19 Cr. 366 (LGS)
December 10, 2019 This application is referred to the Magistrate Judge on duty. The parties shall promptly schedule a Curcio hearing. The Clerk of the Court is directed to terminate the letter motion at docket number 39. Dated: December 12, 2019
New York, New York /s/ _________
LORNA G. SCHOFIELD
UNITED STATES DISTRICT JUDGE BY ECF The Honorable Lorna G. Schofield
United States District Court
Southern District of New York
40 Foley Square
New York, NY 10007
The Government respectfully submits this letter to advise the Court of potential conflicts of interest presented by the representation of the defendant, Stephen Calk, by the law firms Loeb & Loeb LLP ("Loeb & Loeb") and Kramer Levin Naftalis & Frankel LLP ("Kramer Levin"), and to respectfully request that the Court hold a hearing pursuant to United States v. Curcio, 680 F.2d 881 (2d Cir. 1982), at the conference scheduled for January 9, 2020 or at such other time as the Court deems appropriate.
Loeb & Loeb represents both the defendant and, in matters related and unrelated to this case, The Federal Savings Bank (the "Bank")—the financial institution for which the defendant was majority owner as well as Chairman and Chief Executive Officer during the relevant time period. These lawyers also previously represented the Bank's holding company National Bancorp Holdings Inc. (the "Holding Company") in connection with this case. This dual representation could potentially cause a conflict if the defendant wishes to advance defense theories that might reflect adversely upon the Bank or Holding Company or if defense counsel is aware of confidential Bank or Holding Company information they cannot use for his defense.
As to Kramer Levin (which also represents the defendant), a member of that firm is currently on leave to serve as counsel to a Congressional committee. In that capacity, he could be involved in investigations which could theoretically overlap with facts relevant to the defense.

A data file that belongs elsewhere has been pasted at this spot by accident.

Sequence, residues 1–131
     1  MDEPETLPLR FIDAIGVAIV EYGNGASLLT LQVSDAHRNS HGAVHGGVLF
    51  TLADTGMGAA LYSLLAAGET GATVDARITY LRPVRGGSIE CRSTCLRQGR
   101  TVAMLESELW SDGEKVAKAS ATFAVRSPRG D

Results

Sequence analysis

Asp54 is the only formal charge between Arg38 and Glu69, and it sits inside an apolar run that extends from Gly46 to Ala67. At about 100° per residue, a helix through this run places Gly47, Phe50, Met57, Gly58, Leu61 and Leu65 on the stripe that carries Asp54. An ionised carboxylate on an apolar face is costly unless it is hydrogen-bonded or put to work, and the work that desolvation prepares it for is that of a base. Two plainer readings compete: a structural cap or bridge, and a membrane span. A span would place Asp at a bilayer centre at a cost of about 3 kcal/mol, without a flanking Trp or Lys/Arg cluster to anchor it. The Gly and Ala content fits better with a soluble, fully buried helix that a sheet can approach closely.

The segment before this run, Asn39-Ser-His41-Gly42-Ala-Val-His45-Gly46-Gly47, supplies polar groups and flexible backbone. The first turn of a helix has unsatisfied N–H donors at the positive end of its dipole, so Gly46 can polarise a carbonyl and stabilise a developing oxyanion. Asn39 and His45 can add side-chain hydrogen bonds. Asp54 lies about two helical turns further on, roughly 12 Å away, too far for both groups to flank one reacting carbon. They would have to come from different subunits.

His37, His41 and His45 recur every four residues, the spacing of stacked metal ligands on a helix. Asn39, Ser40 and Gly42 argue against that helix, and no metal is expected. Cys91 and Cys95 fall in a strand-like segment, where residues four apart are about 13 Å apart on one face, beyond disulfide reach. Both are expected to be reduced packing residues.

To be clear, the Government does not believe that an actual conflict exists in either case, and does not remotely doubt that all defense counsel involved in this case will vigorously pursue their client's interests. Nonetheless, given the potential conflicts at issue, the Government submits that it is important that the defendant be allocuted as to his understanding of the issues and state on the record whether he waives any such conflict.
I. Factual Background
On or about May 21, 2019, the defendant was charged in a one-count indictment, 19 Cr. 366 (LGS) (the "Indictment"), with financial institution bribery, in violation of Title 18, United States Code, Section 215(a)(2). As alleged in the Indictment, the charge stemmed from Calk's solicitation from Paul J. Manafort, Jr., a political consultant, who was seeking a series of large loans from the Bank, of assistance in obtaining positions with a presidential campaign and administration. Between in or about July 2016 and January 2017, Calk caused the Bank to extend more than $16 million in loans (the "Loans") to Manafort. During the same time period, Calk solicited and received from Manafort assistance in applying for senior positions with the incoming presidential administration. This assistance resulted in Calk's interview in Manhattan for the position of Under Secretary of the Army, a position he was not ultimately appointed to.
In or about October 2017, Manafort was charged with federal crimes by the Special Counsel's Office, which also sought to forfeit Manafort's interest in the properties securing the Loans. Manafort subsequently ceased making payments on the Loans, and the Bank and its holding company foreclosed on the cash collateral securing the Loans. Manafort has since been convicted of federal offenses and, on or about October 9, 2018, a preliminary order of forfeiture was entered forfeiting the Borrower's interest in the properties securing the Loans (the "Properties"). The Bank and the Holding Company have written down the remaining balance of the Loans—currently approximately $12 million—as a loss.